Developments in the Syrian north have been completely overshadowed by the domino shutdown of Arab countries over Covid-19. As the world looked elsewhere, Russia and Turkey inked a crucial agreement on March 5, ending violence in the northwestern city of Idlib.
Vladimir Putin and Recep Tayyip Erdogan had been at daggers-end over Idlib, with each president claiming that the other had strayed from an earlier agreement, reached at the Black Sea resort of Sochi back in September 2018. That deal called on the Turks to cleanse Idlib from Hayat Tahrir Al Sham (HTS), the Al Qaida branch in Syria, by no latter than mid-October 2018. Erdogan missed the deadline, and all its extensions, prompting Putin to claim that Turkey was not serious about its promises in Idlib. If Erdogan wasn’t going to do the job, he added, then the Russian and Syrian armies would take matters into their own hands.
Swiftly, they rumbled through the Idlib countryside, overrunning strategic cities like Saraqib and Marret Al Nouman. They fired at will, striking at all members of the armed opposition, including at those on Turkish payroll. Erdogan quickly sent reinforcements to his Syrian proxies, claiming that the attack on Idlib was a violation of Sochi 2018. He was particularly worried about the 25 Turkish checkpoints scattered across the province, which had come under Russian and Syrian fire after the killing of 33 Turkish soldiers in Syria. Putin gently reminded him that Sochi had allowed him to set up 12 checkpoints in Idlib, not 25, adding that the current number was already a violation of Sochi. In the talks that took place on March 5, Erdogan tried to bargain for an increase — up to 50 checkpoints in Idlib, but that was flatly rejected by Putin.
Joint Russian-Turkish control
Meanwhile, the Russian President insisted that the aim of the operation was only to retake the M4 and M5 highways, while squeezing the armed opposition from the Idlib countryside. They had no intention of taking on Idlib City — an argument that Erdogan seemingly did not believe. The two presidents finally agreed that the Idlib operation would come to a halt and the M4 would come under joint Russian-Turkish control while the M5 would remain with the Syrian and Russian armies. So would all the Syrian towns that they had recently been retaken in the Idlib countryside, thus shrinking Turkey’s zone of influence in the Syrian northwest. Meaning, Khan Shaikhoun, Maaret Al Nouman and Saraqib are territorial gains for Syria and Russia that have now become permanent and silently accepted by the Turkish President as a fait accompli.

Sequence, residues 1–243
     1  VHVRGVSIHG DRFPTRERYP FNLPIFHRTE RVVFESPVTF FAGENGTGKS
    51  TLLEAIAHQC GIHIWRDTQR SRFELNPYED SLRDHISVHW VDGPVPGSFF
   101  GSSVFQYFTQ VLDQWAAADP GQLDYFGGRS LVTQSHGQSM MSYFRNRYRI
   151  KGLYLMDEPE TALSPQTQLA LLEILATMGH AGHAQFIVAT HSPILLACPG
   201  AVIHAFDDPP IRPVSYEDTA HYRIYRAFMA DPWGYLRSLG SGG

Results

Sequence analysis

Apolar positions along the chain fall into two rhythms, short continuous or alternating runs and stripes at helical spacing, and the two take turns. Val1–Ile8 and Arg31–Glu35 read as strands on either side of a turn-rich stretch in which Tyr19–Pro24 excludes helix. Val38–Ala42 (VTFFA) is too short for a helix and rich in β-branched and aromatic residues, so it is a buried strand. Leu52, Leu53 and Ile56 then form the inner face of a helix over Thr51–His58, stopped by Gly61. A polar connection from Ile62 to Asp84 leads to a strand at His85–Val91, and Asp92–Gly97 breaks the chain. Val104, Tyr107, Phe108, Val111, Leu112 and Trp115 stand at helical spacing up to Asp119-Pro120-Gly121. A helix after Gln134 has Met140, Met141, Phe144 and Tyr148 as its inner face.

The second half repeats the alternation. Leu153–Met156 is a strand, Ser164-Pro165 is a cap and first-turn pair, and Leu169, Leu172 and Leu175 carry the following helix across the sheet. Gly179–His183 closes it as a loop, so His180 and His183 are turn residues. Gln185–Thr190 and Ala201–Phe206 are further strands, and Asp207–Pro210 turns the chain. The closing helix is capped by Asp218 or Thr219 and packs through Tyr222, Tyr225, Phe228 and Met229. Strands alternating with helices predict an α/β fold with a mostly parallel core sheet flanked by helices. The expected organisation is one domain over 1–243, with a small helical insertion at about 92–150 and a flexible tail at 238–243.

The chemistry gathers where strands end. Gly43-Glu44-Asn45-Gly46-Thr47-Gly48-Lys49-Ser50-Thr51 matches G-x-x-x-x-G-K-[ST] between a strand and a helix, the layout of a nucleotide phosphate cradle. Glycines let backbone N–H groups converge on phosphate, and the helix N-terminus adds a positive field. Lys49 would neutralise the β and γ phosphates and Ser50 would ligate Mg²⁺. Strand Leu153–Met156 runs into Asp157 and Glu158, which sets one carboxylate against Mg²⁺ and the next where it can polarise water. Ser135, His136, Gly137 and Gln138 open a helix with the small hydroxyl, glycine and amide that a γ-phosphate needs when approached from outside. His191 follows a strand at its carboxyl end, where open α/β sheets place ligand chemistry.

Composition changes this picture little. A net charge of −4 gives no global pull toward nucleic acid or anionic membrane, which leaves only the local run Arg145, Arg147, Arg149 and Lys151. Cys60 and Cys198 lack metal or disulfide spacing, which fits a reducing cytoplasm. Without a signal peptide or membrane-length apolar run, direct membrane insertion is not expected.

In exchange for Erdogan’s lenience, Putin met him at midway on the M4, agreeing to temporary co-share the motorway with Turkey. In addition to the joint patrols, a safe corridor will run through it, 12km in length. The new agreement returns the ball to Turkey’s court concerning HTS. Erdogan has been tasked, yet again, with cleansing the area from terrorist fighters, although he has not been given a deadline to accomplish that.
Before his meeting with Putin, Erdogan had outlined a long list of ambitious demands, which were all rejected by the Russians. In addition to raising the number of checkpoints, he wanted a no-fly zone in Idlib, where only Turkish drones could operate, along with a joint mechanism to monitor violations, possibly through a UN resolution. Putin said no, insisting that Idlib should remain a Russian-Turkish file only, with no internationalisation. Erdogan started to climb down the ladder, making one painful concession after another, until all he was left with was a mandate to clean Idlib, and joint control of the M4.
Erdogan left with less ammunition
The new agreement leaves Erdogan with less ammunition than what he had when the crisis started earlier this year. He had been using the refugee card to pressure EU into backing his territorial ambitions in Idlib, threatening to send them to the shores of Europe. That has now come to an end, and so has the violence in Idlib — albeit temporarily. What the new agreement did not achieve was revival of the Adana Agreement, which Putin had conditioned before meeting Erdogan. This is something that the Russian leader had pushed for since February 2019, hoping that it would lead to the normalisation of ties between Damascus and Ankara. All he has gotten in this regard is lip service from Erdogan, with no action.
Many are wondering whether the new Idlib agreement is sustainable. For the next eight months at least, the United States is too busy to mind the nitty-gritty details of the Syrian battlefield, thanks to presidential elections. So is the international community that is preoccupied with Covid-19. That is a blessing in disguise for the presidents of Turkey and Russia. Erdogan and Putin are now on their own in Idlib, free to tear each other apart or work inharmony on co-share influence the war-torn city. Whether the new agreement stands or fails depends on how confidence building measures play out between the two leaders, and what kind of under-the-table deals come later — two constants in the new ten-year old Syrian conflict.
—Sami Moubayed is a Syrian historian and visiting scholar at the Carnegie Middle East Centre in Beirut.